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It's Always Better to Pay Under Protest Than Not Pay at All

Apr 11, 2019 | Blawg 

The following scenario is common in the commercial leasing world: 

A landlord delivers an invoice to a tenant for additional rent owing.  The tenant disputes the amount claimed by the landlord and refuses to pay the invoice.  The tenant subsequently decides that it wants to exercise an option to extend/renew its lease for an additional term.  However, the lease requires that the tenant not be in default at the time it exercises its option.  The tenant delivers notice to the landlord of exercise of its option to extend; in response, the landlord claims the tenant is in default under the lease (i.e. one of the preconditions to the exercise of the option has not been satisfied) and therefore the tenant is not entitled to the option.  What should a tenant do in these circumstances? 

Based on the guidance offered by a recent Ontario Superior Court decision, the best course of action to preserve an option to extend the lease is to pay the disputed amount under protest and commence a court action to address the dispute.    

The Facts

McRae Cold Storage Inc. (the “Tenant”) leased space in a cold storage warehouse from Nova Cold Logistics ULC (the “Landlord”). The rent payable under the lease was a “gross” amount, meaning that the stated rent included utilities. The lease provided that “[the Landlord] shall pay all fees and charges for water, gas, electricity and sewer use at the Demised Premises in connection with [the Tenant’s] use of the Demised Premises”.

The lease also stated that “[n]otwithstanding anything to the contrary set forth herein, the parties expressly agree that in the event any energy supplier increases [the Landlord’s] cost of energy at the Warehouse Premises in excess of three percent (3%) of the current electric rates during the Term, then [the Landlord] reserves the right to pass through said increase on a pro rata basis to [the Tenant], based on the proportionate amount of square footage of the Demised Premises to the square footage of the entire Warehouse Premises” (the “Energy Provision”).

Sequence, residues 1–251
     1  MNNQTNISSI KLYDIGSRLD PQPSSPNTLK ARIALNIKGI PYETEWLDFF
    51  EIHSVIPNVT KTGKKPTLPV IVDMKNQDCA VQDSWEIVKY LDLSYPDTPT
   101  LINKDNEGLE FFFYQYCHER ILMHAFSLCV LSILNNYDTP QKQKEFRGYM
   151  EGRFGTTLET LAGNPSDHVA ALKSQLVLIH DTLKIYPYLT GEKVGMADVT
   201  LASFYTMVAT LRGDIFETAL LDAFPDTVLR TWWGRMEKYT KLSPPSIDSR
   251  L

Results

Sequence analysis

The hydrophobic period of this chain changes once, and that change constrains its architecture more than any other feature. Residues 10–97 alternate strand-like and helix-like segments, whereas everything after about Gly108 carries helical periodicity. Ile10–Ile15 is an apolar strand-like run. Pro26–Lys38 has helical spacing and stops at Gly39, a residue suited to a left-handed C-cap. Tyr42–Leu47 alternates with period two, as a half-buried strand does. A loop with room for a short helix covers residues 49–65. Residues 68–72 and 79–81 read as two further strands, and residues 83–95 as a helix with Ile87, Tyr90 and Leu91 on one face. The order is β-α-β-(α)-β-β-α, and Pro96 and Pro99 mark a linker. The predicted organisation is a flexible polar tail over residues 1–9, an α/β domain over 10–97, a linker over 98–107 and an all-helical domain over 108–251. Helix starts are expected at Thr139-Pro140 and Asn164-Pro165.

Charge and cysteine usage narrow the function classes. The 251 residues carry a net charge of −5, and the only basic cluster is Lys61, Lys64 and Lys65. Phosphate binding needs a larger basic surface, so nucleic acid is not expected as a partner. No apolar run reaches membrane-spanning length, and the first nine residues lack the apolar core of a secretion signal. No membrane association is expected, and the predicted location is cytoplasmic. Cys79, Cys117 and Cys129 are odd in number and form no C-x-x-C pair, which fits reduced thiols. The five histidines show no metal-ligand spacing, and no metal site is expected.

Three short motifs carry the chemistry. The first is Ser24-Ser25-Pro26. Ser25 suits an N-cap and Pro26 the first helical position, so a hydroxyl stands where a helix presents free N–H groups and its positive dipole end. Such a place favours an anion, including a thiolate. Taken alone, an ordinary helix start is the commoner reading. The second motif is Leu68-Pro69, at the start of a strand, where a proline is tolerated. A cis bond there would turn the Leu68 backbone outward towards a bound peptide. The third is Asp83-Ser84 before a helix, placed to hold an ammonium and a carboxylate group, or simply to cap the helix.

The renewal right stated that “[i]f…[the Tenant] is not in default under any terms of this Lease…[the Tenant] shall have separate options to extend the term of this Lease for two (2) additional consecutive terms of five (5) years each” (the “Renewal Option”).

From 2013 to 2016, the Landlord did not pass through any increases in energy costs to the Tenant. In 2016, the Landlord informed the Tenant that, in accordance with the Energy Provision, the Tenant was required to pay a portion of increased energy costs.

The Tenant disputed the Landlord’s interpretation of the relevant provision and refused to pay the increased energy costs.

The Landlord sent the Tenant a notice of default and claimed that, since the Tenant was in default of the lease, the Tenant was not entitled to exercise the Renewal Option.

The Tenant nonetheless delivered a notice exercising the Renewal Option. The Landlord rejected the notice and maintained its original position regarding the Tenant’s default.